Committee Opinion 803: Confidentiality in Adolescent Health Care
Confidential care for adolescents is important because it encourages access to care and increases discussions about sensitive topics and behaviors that may substantially affect their health and well-being. Obstetrician–gynecologists and other health care providers who care for minors should be aware of federal and state laws that affect confidentiality. There should be private conversation time between the health care provider and adolescent patient. Generally, parents or guardians and adolescents should be informed, both separately and together, that the information each of them shares with the health care provider will be treated as confidential. Additionally, they should be informed of any restrictions to the confidential nature of the relationship. Obstetrician–gynecologists and other health care providers and institutions that establish an electronic health record (EHR) system should consider systems with adolescent-specific modules that can be customized to accommodate the confidentiality needs related to minor adolescents and comply with the requirements of state and federal laws. If the EHR system does not allow for procedures to maintain adolescent confidentiality, the obstetrician–gynecologist or staff should inform the patient that parents or guardians will have access to the records, and the patient should be given the option of referral to a health care provider who is required to provide confidential care. Obstetrician–gynecologists are encouraged to know their individual systems and institutional policies regarding confidentiality, EHRs, patient portals, and the open access for visit notes. This document has been updated to include information on patient portals, guidance on the release of medical records, examples of ways to safeguard adolescent patients’ confidentiality, and talking points to use with parents and guardians.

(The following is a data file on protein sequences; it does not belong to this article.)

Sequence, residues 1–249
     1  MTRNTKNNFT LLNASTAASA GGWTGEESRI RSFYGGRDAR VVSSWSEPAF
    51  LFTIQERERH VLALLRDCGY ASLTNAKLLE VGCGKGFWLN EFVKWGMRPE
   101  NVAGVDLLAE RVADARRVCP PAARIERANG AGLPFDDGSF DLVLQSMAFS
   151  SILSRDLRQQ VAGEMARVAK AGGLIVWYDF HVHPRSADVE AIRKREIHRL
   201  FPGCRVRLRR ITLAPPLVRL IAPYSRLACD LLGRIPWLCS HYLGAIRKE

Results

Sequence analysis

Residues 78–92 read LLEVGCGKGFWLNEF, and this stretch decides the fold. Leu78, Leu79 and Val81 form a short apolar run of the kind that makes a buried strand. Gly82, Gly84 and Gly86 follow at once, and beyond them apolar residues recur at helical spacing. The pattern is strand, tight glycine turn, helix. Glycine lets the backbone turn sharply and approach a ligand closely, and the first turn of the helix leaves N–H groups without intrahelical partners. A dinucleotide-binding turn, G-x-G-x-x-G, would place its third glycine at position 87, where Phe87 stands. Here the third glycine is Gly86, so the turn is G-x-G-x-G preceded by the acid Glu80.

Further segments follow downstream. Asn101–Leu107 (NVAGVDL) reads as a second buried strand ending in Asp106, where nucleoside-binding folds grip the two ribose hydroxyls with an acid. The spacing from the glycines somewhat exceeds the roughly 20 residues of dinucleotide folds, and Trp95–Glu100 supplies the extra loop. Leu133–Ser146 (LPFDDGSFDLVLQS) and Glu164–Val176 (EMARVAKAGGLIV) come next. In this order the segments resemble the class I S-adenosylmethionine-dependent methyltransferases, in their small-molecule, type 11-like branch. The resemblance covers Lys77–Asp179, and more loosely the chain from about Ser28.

Committee Opinion 805: Legal Considerations in Genetic Screening and Testing: Three Case Studies
The rapidly evolving genetic technologies that are available to patients and obstetrician–gynecologists have transformed the practice of clinical medicine. From cell-free DNA screening technologies in pregnancy to expanded carrier screening and hereditary cancer gene panels, obstetrician–gynecologists often are faced with questions about their legal responsibilities regarding genetic information as well as the legal ramifications of this information for their patients. The Committee on Genetics has constructed the following case studies to highlight some of the legal issues an obstetrician–gynecologist may encounter when performing genetic testing. These cases do not cover the breadth of legal issues affecting clinical genetics, but rather they illustrate certain legal concepts and principles as well as key pieces of legislation that are pertinent to clinical care. These case descriptions are not intended to serve as legal advice. Obstetrician–gynecologists are strongly encouraged to seek expert legal assistance to resolve questions involving legal rights or responsibilities.
Practice Bulletin 219: Operative Vaginal Birth (Interim Update)
Despite significant changes in management of labor and delivery over the past few decades, operative vaginal birth remains an important component of modern labor management, accounting for 3.3% of all deliveries in 2013 (1). Use of obstetric forceps or vacuum extractor requires that an obstetrician and obstetric care provider be familiar with the proper use of the instruments and the risks involved. The purpose of this document is to provide a review of the current evidence regarding the benefits and risks of operative vaginal birth.
The American College of Obstetricians and Gynecologists (ACOG) is the nation’s leading group of physicians providing health care for women. As a private, voluntary, nonprofit membership organization of 60,000 members, ACOG strongly advocates for quality health care for women, maintains the highest standards of clinical practice and continuing education of its members, promotes patient education, and increases awareness among its members and the public of the changing issues facing women’s health care. www.acog.org